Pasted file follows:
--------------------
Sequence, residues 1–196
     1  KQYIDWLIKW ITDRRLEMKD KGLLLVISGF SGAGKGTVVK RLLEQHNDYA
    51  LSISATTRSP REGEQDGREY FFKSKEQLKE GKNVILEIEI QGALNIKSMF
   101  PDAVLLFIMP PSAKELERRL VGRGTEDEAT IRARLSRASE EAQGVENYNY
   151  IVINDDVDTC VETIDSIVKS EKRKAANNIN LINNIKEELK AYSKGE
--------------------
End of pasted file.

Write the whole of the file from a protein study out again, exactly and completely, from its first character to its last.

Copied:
Sequence, residues 1–196
     1  KQYIDWLIKW ITDRRLEMKD KGLLLVISGF SGAGKGTVVK RLLEQHNDYA
    51  LSISATTRSP REGEQDGREY FFKSKEQLKE GKNVILEIEI QGALNIKSMF
   101  PDAVLLFIMP PSAKELERRL VGRGTEDEAT IRARLSRASE EAQGVENYNY
   151  IVINDDVDTC VETIDSIVKS EKRKAANNIN LINNIKEELK AYSKGE